3. He transformed the papal travel schedule.
John Paul II visited some 129 counties during his pontificate — more countries than any other pope had visited up to that point.
He also created World Youth Days in 1985, and presided over 19 of them as pope.
Weigel says John Paul II understood that the pope must be present to the people of the Church, wherever they are.
“He chose to do it by these extensive travels, which he insisted were not travels, they were pilgrimages,” Wegel said.
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“This was the successor of Peter, on pilgrimage to various parts of the world, of the Church. And that's why these pilgrimages were always built around liturgical events, prayer, adoration of the Holy Eucharist, ecumenical and interreligious gatherings — all of this was part of a pilgrimage experience.”
In the latter half of the 20th century — a time of enormous social change and upheaval— John Paul II’s extensive travels and proclamation of the Gospel to the ends of the earth were just what the world needed, Weigel said.
4. He transformed the teachings of the Church.
John Paul II was a scholar who promulgated the Catechism of the Catholic Church in 1992, reformed the Eastern and Western Codes of Canon Law during his pontificate, and authored 14 encyclicals, 15 apostolic exhortations, 11 apostolic constitutions, and 45 apostolic letters.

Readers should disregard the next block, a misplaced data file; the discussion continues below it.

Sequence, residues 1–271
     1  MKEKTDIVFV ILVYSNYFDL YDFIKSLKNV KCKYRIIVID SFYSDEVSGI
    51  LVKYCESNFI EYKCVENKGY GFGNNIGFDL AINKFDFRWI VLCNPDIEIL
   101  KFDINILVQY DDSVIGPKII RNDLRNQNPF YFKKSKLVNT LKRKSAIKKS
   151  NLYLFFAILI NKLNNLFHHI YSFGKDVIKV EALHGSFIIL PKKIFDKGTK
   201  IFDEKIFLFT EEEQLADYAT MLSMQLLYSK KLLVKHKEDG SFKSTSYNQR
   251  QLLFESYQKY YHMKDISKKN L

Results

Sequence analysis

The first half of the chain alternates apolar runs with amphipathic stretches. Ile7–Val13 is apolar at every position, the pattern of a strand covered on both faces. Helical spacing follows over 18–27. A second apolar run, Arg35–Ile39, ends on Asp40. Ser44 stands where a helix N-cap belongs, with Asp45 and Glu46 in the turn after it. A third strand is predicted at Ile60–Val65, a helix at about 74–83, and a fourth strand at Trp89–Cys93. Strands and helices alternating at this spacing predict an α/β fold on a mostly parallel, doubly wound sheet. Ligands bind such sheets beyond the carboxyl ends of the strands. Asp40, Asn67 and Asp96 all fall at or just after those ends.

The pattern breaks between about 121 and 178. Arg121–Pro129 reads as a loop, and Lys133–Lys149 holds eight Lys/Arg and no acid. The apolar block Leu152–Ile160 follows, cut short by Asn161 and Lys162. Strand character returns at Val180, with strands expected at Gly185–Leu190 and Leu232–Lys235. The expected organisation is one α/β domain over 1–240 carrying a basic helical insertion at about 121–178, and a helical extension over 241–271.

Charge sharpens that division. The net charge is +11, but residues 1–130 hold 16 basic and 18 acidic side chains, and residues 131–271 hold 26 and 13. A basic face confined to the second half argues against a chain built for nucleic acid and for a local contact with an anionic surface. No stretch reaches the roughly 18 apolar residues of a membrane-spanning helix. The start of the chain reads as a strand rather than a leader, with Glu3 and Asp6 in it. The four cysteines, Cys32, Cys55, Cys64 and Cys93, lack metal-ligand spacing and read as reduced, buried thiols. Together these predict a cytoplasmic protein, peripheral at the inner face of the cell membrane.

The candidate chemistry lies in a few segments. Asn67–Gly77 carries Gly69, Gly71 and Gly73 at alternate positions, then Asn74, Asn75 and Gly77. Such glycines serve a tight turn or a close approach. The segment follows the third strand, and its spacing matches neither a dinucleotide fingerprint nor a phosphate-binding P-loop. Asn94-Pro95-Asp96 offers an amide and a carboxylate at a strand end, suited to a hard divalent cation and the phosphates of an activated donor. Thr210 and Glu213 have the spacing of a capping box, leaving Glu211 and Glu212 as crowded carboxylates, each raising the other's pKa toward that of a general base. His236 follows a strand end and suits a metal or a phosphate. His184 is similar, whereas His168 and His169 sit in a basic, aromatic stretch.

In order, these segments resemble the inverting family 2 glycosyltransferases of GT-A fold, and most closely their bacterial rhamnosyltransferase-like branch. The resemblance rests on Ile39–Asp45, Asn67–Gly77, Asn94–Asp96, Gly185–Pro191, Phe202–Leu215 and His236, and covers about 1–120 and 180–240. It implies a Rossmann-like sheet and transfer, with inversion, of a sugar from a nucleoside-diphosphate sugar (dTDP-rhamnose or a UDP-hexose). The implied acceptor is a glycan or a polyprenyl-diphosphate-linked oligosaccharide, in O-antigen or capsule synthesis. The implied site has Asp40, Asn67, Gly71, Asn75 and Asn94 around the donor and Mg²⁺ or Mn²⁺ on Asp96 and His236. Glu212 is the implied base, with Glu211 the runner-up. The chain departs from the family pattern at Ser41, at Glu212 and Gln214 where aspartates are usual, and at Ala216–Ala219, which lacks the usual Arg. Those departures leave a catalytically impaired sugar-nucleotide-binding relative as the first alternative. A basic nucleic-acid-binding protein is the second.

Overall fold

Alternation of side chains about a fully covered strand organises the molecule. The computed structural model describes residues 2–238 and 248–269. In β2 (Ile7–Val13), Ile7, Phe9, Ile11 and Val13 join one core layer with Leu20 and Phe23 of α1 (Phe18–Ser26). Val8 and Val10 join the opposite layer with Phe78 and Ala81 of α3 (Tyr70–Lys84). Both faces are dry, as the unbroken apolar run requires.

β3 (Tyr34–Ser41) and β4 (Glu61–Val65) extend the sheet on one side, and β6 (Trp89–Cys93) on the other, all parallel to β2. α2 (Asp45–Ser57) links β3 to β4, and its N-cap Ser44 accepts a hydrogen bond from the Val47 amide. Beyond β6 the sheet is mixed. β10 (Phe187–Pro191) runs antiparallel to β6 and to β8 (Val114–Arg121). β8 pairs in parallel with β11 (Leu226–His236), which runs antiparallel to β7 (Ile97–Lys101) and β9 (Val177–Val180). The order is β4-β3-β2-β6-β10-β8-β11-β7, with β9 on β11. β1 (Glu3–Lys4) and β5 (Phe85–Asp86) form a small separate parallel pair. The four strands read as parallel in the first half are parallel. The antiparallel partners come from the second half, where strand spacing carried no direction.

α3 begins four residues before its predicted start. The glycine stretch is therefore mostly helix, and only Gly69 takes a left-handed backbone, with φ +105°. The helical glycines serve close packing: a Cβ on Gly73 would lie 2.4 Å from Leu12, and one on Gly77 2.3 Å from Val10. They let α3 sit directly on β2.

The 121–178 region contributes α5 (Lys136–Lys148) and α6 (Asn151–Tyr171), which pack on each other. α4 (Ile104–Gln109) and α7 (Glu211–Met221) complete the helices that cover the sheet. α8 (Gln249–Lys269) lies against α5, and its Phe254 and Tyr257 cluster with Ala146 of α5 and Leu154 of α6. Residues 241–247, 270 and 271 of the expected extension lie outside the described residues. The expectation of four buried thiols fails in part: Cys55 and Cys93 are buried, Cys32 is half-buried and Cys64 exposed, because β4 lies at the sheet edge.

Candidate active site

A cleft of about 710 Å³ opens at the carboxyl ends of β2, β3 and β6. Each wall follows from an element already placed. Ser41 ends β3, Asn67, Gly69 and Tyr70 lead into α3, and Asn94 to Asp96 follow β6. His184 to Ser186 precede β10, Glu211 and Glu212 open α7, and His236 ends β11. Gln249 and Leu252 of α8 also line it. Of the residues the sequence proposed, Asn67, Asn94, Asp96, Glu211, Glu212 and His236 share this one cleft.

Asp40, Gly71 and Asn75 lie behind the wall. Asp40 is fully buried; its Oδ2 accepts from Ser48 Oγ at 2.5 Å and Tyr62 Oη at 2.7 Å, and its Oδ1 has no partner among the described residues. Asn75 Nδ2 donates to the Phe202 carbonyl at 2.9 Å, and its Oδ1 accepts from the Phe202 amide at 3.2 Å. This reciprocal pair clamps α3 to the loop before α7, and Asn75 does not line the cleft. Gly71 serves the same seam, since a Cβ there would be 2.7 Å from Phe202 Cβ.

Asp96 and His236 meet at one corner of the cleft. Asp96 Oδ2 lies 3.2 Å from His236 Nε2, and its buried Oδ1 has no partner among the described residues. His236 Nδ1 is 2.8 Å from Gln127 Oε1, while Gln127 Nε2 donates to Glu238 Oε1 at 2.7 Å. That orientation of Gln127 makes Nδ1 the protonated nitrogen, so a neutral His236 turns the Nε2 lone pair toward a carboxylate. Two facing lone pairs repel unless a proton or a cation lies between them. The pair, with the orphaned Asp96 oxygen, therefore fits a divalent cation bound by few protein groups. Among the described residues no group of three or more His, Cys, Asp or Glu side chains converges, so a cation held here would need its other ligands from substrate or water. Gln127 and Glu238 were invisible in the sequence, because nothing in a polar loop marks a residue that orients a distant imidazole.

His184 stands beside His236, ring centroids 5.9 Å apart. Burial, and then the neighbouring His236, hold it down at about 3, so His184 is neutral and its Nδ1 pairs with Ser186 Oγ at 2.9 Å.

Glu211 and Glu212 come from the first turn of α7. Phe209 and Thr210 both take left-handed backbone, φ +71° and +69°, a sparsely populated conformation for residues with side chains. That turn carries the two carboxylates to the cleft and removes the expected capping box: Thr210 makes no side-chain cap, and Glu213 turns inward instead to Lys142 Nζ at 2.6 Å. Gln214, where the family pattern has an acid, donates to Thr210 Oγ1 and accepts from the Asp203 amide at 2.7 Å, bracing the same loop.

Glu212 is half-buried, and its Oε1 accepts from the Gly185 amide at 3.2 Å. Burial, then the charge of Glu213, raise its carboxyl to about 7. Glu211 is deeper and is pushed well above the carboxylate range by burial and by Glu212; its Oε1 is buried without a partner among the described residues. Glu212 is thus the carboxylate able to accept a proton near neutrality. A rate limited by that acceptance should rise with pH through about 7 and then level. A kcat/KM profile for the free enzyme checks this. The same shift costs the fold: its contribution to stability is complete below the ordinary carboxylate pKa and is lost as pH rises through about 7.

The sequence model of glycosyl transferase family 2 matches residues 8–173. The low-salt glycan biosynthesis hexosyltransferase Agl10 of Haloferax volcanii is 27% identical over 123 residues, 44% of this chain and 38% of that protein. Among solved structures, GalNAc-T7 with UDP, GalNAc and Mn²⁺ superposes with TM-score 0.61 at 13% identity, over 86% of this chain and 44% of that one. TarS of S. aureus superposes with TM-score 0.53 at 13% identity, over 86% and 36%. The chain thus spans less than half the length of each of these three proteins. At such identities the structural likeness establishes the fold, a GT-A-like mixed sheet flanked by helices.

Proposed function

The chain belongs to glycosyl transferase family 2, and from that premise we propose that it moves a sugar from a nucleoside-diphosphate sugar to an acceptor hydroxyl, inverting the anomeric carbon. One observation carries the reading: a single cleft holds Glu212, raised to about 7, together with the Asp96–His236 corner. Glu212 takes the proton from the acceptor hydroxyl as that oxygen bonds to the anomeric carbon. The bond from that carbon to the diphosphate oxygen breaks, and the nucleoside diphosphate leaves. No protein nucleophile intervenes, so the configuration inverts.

This is why Weigel says the Church has really only begun to unpack what he calls the “magisterium” of John Paul II, in the form of his writings and his intellectual influence.
For example, John Paul’s Theology of the Body remains enormously influential in the United States and throughout the world, though Weigel says even this has yet to be unpacked.
5. He gave new life to the Catholic Church in Africa.
John Paul II’s legendary evangelical fervor took fire in Africa.
He had a particular friendship with Beninese Cardinal Bernadin Gantin, and visited Africa many times. His visits would inspire a generation of JPII Catholics in Africa as well other parts of the globe.
“John Paul II was fascinated by Africa; he saw African Christianity as living, a kind of New Testament experience of the freshness of the Gospel, and he was very eager to support that, and lift it up,” Cardinal Gantin said.
“It was very interesting that during the two synods on marriage and the family in 2014 and 2015, some of the strongest defenses of the Church's classic understanding of marriage and family came from African bishops. Some of whom are first, second generation Christians, deeply formed in the image of John Paul II, whom they regard as a model bishop,” Gantin said.
“I think wherever you look around the world Church, the living parts of the Church are those that have accepted the Magisterium of John Paul II and Benedict XVI as the authentic interpretation of Vatican II. And the dying parts of the Church, the moribund parts of the Church are those parts that have ignored that Magisterium.”
John Paul II’s influence in Africa and around the globe transformed the world. It also forever transformed the Church.